After Ricky Burns amazing victory against all the odds in Glasgow on Saturday night, when he outboxed and baffled toughened world champion Roman ‘Rocky’ Martinez to win the WBO super-featherweight in a fever pitched atmosphere at The Kelvin Hall, Scottish fight fans were licking there lips at a rematch between there new hero Burns and former favorite Alex Arthur.
The two previuosly locked horns in February 2006, when Arthur out-pointed the then novice Burns to retain his British, Commonwealth and European super-featherweight titles, although Burns proved in that fight that he would have more to give in the future.
Arthur went on to win the Interim WBO super featherweight title when he out-pointed Stephen Foster, before losing the WBO strap in his next fight against Nicky Cook in September 2008.
Arthur decided after nearly killing himself to make the super featherweight limit for so long, that he would now move up to the lightweight division.
After a first round KO comeback victory against Mohamed Benbiou, Arthur came unstuck against Nigel Wright over 8 rounds, out pointed 76-78 by the Durham man.
On Saturday night on the undercard continued his comeback at with an impressive points win over Peter McDonagh on the undercard of Burns’ victory over Roman Martinez, a rematch was mooted by Frank Warren, who promotes both fighters.
But Arthur claims that getting down to super-featherweight almost killed him in the past and says that lightweight is the minimum weight he can campaign at.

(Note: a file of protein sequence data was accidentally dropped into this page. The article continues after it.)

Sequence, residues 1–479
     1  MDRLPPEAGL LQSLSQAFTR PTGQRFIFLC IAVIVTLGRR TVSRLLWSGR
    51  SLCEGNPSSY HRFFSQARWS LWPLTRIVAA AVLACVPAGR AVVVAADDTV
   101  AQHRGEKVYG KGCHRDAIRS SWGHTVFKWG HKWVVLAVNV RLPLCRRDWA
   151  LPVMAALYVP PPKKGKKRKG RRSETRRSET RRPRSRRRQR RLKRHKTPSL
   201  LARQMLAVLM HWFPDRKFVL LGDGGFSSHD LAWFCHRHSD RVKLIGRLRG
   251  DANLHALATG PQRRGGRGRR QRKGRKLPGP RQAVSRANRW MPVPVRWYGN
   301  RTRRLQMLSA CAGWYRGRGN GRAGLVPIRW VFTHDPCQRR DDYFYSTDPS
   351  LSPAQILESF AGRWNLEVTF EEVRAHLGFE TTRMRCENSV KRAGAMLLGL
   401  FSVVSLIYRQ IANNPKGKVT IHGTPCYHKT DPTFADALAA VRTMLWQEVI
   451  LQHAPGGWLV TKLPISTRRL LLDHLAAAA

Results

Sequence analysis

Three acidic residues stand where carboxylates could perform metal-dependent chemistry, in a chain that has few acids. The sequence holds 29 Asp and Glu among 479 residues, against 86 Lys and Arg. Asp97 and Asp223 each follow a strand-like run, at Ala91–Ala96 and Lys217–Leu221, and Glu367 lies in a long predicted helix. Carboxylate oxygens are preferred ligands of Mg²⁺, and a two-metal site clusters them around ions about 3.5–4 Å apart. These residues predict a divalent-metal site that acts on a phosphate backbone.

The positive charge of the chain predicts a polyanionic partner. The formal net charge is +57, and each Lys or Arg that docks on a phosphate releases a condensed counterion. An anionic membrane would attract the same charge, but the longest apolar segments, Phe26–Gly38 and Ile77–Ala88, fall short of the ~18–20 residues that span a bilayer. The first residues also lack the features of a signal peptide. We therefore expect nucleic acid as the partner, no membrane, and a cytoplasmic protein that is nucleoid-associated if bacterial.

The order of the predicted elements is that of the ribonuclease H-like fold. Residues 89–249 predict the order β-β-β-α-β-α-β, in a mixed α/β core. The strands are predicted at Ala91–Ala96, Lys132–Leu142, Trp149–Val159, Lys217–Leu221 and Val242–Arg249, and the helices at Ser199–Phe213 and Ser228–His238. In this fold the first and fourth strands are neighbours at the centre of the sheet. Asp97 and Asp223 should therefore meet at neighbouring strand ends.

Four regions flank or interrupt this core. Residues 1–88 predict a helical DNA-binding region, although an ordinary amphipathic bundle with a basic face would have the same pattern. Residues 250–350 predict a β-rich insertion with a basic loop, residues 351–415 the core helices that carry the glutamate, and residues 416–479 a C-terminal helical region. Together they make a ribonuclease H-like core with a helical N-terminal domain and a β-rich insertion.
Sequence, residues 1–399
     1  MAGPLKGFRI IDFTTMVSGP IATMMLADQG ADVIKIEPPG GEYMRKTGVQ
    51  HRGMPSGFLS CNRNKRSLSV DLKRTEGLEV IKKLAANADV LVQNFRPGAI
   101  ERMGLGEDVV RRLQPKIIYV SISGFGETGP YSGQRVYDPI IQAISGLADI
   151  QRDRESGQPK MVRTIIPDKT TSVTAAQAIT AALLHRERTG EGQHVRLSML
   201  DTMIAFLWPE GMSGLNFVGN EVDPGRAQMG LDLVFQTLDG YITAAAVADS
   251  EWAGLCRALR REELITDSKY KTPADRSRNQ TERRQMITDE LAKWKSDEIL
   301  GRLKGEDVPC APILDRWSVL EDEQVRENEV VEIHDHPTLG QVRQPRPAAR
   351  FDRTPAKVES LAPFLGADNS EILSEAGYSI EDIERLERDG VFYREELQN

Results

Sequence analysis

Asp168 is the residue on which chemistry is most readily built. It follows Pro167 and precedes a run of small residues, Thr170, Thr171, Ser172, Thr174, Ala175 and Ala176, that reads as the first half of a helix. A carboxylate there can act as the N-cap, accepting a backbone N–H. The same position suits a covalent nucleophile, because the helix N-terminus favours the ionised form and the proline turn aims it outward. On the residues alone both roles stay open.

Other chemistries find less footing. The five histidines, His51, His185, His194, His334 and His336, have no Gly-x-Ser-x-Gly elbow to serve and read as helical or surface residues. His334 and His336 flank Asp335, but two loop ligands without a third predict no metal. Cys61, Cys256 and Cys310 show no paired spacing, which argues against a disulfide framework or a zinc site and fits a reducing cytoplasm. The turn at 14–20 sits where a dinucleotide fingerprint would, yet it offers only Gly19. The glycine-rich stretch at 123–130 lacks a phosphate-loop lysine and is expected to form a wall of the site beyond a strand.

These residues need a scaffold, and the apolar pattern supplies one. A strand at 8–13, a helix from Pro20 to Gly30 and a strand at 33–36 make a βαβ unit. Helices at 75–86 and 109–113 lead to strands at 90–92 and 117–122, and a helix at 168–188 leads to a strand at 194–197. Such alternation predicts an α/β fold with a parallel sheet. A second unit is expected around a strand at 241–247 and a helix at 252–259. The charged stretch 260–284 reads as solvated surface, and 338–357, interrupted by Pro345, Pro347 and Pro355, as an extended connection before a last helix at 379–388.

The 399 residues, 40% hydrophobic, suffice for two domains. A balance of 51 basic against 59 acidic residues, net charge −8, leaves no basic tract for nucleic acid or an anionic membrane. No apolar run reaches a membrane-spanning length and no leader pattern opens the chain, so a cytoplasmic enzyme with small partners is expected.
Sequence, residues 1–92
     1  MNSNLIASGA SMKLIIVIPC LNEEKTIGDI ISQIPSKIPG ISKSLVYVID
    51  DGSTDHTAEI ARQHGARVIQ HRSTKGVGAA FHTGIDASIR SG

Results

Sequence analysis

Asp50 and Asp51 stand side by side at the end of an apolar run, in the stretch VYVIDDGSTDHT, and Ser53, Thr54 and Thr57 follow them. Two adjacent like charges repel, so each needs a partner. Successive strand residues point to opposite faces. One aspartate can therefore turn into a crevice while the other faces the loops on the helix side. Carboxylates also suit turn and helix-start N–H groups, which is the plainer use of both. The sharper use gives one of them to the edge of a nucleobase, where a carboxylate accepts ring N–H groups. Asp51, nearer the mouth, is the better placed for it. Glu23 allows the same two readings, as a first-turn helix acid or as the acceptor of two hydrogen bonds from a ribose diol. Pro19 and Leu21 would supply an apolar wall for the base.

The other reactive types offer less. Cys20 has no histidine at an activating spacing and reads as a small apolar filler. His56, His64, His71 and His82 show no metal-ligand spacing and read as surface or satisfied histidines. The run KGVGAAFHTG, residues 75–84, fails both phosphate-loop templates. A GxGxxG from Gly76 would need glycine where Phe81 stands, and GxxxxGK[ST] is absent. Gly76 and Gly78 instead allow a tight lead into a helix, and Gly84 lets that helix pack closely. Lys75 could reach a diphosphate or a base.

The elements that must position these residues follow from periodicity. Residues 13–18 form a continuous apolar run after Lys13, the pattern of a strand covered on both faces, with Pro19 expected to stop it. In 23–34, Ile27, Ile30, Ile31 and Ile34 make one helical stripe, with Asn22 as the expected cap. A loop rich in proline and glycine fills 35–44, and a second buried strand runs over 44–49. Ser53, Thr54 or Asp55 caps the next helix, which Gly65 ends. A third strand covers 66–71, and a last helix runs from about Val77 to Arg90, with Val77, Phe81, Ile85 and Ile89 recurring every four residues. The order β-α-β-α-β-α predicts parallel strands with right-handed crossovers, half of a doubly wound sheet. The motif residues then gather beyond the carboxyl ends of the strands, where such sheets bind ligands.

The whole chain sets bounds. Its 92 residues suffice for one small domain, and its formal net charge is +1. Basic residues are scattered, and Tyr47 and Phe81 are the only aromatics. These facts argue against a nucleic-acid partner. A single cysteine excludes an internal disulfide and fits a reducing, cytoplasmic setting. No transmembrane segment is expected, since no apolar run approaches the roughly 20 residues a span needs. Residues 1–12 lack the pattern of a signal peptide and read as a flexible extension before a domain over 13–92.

“There is just no way that I will ever fight at super-featherweight again,” said Arthur. “When I fought Ricky back in 2006 I had to lose 10lbs in the last two days previous to the fight.
“My calves turned blue and they were so stiff they were like iron, the cramping was terrible. I took a salt drink to try and combat the dehydration and it was the worst thing I could have done. It almost killed me.
“I am a family man now with a beautiful wife and three young kids and there is just no way I am going to risk all that for boxing. I know it would be a super fight in Scottish terms, a sell-out and the first time two Scots had ever fought for a world title, but I just can’t go through that again and put my life on the line.”
But Arthur says there is one way the pair could face each other. “I give myself three years left at the top and my plan is to become lightweight world champion. Once that happens, I would be delighted for Ricky to vacate his super-featherweight title and challenge me for the lightweight world title.
“I said to Ricky after I beat him in 2006 that one day he would be world champion and he has proved me right. God willing one day we will fight again.”